A leopard holding facility that was built in 2002 by the forest department to house leopards in Maharashtra only provided cells for solitary confinement and did not provide for large outside enclosures that were adequate to keep the leopards happy and healthy. Out of 26 leopards housed at the center, only eight leopards had access to an external space to exercise. So, in 2007, Wildlife SOS was invited to partner with the government to improve and expand the Leopard Rescue Centre while addressing the needs of the leopards. Since then, some progress has been made. Instead of languishing in the tiny spaces theyâ€™d been housed in for years, the resident leopards are now living in larger, upgraded (though still not ideal) enclosures. Wildlife SOS has also worked to create a master plan for the facility, which will provide vast indoor/outdoor enclosures for every rescued leopard, a veterinary clinic, an education center, and much more. The build-out is limited only by finances.
At the moment, the center has 29 leopards who are living in small cramped quarters with inadequate exercise spaces, and with nowhere to retreat from the sight of humansâ€¦ this can be quite stressful and traumatic for these cats. The top priority for the build-out is to create spacious, well-designed indoor/outdoor enclosures, with individual dens for each leopard (so they can retreat when they are inclined), enough height that they can indulge in their love of climbing, and plenty of â€˜habitat enrichmentâ€™ items to keep their minds challenged and engaged.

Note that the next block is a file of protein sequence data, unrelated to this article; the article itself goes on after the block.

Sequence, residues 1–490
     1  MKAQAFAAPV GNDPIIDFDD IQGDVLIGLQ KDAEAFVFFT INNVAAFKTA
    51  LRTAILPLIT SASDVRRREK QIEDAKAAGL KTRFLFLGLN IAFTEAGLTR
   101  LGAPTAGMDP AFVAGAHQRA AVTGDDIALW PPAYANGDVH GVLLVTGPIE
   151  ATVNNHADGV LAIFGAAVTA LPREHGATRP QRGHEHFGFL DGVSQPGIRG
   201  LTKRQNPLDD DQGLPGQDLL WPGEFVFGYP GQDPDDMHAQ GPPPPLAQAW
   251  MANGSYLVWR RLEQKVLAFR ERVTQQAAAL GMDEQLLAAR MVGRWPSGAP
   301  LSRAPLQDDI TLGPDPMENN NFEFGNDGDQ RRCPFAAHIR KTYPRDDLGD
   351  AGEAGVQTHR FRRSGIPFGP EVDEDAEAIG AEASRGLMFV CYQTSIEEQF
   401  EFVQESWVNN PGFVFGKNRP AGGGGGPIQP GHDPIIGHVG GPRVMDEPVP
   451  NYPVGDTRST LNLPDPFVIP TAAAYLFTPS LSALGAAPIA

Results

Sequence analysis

Creating enclosures that allow the leopards to live more as they would in the wild will not only be good for their emotional and physical health, it will also make it more likely that some of these longtime captives will one day be able to make the transition back to living in the wild. This would be a dream come true for Wildlife SOS. Our goal is not to house wild animals indefinitely, but whenever possible to heal them and set them free as soon as they become fit for release.
The centre also houses several orphaned leopard cubs. Jaya and Bhima were found in sugar cane fields, apparently abandoned by their mother who was frightened away by farmers, and Shankar and Jiya were taken in after their mom was gravely injured while hunting. The master plan also calls for improved enclosures for these cubs.
Wildlife SOS also works to increase awareness and education about leopards among the people who live in the area and work in the sugar cane fields. By improving the rescue facility, and creating an education center within it, we can have a bigger impact. Our goal is to help the people to co-exist with leopards with increased tolerance, instead of fearing them.
The master plan for the centre has the potential to not only help the leopards currently housed there, and those still in the wild, but other leopards trapped in various locations by the Forest Department who are right now living in heartbreaking conditions. These 60 leopards are being housed in cages no bigger than 3ft x 5ftâ€¦ they are covered in sores and ulcerations resulting from their confinement and from the unsanitary conditions (as it is impossible to clean the cage while they are inside the cage), and they are in dire need of help.
Wildlife SOS is determined to bring them into the rescue centre, once there are facilities to accommodate them.